February 2009 // Volume 47 // Number 1 // Editorial // 1ED1
JOE by the Numbers 2008
In "JOE by the Numbers 2008" I report on the 2008 submission and readership rates and announce JOE's current acceptance rate: 32.4%. I also highlight yet again the Top 50 Most Read Articles lists. In "JOE Redesign" I flag the obvious-JOE's new look-and explain that its beauty is more than skin deep. In "February JOE" I spend just a few more words urging you to read this month's issue.
As usual this time of year, I report on the previous year's submission rate and readership statistics. And I announce JOE's current acceptance rate. I also call attention to one of the most interesting features of the JOE site (and one of my favorites).
JOE received 279 submissions in 2008, just six down from last year's all-time high.
I'm happy to report that JOE has more than recovered from the slight "dip" in readership rates I reported last year. In 2008, there were 2,179,375 "visitors" to the JOE site who viewed 6,234,493 pages. That's 64,315 more visitors and 1,954,028 more pages than in 2007. And both 2008 figures represent new all-time highs.
Also in 2008, JOE attracted readers from 182 nations and territories. You can find these nations and territories listed at http://www.joe.org/website-statistics/nations.php.
In 2003, we started collecting the data that would allow us to post an annual acceptance rate for JOE, but posting annual acceptance rates caused confusion. It also failed to account for submissions that were submitted in one year but reviewed in another. We now have enough reliable data from enough years to post a single rate.
JOE's current acceptance rate is 32.4%. (This figure is the average of submission data from 2004 through 2008.) JOE is an increasingly rigorous journal in which Extension professionals and other scholars can be proud to be published.
The Top 50 Most Read Articles
You can find the list of the Top 50 Most Read Articles in 2008 as well as lists from previous years at http://www.joe.org/about-joe-website-statistics.php. Now included are indications of which articles are new to the list and how the articles ranked in 2007. You'll see that there are six new entries on the 2008 list, one an article that was published in 1995. It all makes for interesting reading-and potentially useful information.
These lists are not a reflection on the quality of the JOE articles that "made the lists" as opposed to those that didn't. But they do say a lot about the degree of interest readers from around the world have in some of the topics discussed in JOE.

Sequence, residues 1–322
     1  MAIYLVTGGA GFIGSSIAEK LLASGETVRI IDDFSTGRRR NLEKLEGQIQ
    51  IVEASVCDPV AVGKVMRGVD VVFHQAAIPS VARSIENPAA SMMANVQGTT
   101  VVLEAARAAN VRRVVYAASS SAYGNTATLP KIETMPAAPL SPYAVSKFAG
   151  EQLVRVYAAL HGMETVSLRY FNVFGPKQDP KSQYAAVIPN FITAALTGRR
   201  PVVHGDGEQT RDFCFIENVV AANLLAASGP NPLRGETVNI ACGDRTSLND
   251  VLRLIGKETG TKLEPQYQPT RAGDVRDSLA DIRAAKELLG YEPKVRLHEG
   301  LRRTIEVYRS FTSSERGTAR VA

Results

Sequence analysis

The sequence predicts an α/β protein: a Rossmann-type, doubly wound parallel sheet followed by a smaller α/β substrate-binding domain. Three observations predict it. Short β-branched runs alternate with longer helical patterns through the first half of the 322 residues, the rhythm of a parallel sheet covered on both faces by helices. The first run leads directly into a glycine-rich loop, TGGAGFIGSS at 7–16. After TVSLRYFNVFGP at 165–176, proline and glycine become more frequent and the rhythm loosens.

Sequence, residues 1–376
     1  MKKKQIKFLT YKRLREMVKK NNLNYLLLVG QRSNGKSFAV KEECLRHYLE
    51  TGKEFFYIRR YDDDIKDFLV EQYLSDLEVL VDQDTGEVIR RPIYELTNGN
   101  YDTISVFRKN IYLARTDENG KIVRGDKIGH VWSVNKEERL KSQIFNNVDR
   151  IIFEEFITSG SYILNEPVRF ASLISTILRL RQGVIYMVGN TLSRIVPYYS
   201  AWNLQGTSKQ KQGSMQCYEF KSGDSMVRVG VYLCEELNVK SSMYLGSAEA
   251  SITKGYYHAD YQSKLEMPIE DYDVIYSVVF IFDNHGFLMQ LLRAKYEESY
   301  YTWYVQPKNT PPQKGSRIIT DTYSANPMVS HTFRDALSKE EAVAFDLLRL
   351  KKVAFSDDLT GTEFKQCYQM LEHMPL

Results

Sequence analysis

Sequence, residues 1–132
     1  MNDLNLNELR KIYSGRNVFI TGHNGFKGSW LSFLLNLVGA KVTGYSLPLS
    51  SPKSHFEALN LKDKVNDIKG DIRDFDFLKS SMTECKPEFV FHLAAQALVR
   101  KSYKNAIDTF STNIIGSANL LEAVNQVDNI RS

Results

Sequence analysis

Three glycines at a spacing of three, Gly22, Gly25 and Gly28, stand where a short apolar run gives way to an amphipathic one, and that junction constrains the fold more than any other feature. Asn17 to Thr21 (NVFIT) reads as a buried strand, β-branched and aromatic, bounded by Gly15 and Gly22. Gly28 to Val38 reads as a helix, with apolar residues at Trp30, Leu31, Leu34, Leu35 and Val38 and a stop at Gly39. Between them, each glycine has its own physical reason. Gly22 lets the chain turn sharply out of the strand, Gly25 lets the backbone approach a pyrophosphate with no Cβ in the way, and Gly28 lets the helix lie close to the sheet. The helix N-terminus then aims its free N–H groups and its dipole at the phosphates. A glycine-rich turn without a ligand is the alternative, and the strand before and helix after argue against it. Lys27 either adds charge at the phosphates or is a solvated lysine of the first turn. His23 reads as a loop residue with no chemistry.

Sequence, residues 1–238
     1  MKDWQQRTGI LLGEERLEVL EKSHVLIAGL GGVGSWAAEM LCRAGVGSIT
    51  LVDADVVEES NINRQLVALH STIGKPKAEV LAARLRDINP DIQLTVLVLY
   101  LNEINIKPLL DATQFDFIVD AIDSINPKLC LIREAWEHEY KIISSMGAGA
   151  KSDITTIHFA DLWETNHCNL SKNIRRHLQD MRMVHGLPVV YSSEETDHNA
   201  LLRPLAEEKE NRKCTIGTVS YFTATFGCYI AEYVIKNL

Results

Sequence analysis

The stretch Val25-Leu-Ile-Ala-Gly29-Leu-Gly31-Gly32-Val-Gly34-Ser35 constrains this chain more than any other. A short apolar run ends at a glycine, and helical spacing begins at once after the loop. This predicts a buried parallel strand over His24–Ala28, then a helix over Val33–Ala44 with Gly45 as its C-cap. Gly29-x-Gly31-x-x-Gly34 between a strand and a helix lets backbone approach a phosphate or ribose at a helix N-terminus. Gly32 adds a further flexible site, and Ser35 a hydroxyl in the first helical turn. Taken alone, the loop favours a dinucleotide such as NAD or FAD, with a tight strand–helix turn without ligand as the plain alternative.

You've surely noticed that the February 2009 issue of JOE has a whole new, more contemporary look. So does the entire JOE site. And appearance is not the only or most important thing that has changed. The site is also considerably easier to navigate, a significant improvement given the wealth of information on the JOE site beyond the issues of the journal.
These improvements come courtesy of Texas AgriLife Extension Service Web Designer Trey Rice, who deserves all the kudos I can give, as do former and current JOE Web Developers Brian Weaver and Brian Freytag, respectively. They have worked hard to turn Rice's redesign into reality.
And we've taken advantage of the redesign to present new introductions to the JOE homepage and the JOE Submission Guidelines. The intros put renewed emphasis on JOE's rigor by reporting the current acceptance rate, describing our review process, and, in the latter, explaining that all submissions should include scholarly citations, including citations of relevant JOE articles.
We will continue to refine and improve the site, but we think we're off to a great start.
I'm afraid I've come too close to the word limit I set for myself to do justice to the February issue. You'll just have to read it. You'll be glad you did.
The Commentary raises the issue of accents as "one of the last acceptable areas for discrimination." The first two Features, on Extension employee perceptions of scholarship in the workplace and on Extension agent turnover, just might "speak" to each other. They should certainly speak to us. And the first two Tools of the Trade articles offer help in addressing complex issues.
Then there are the other 24 articles. Gosh, we're all good.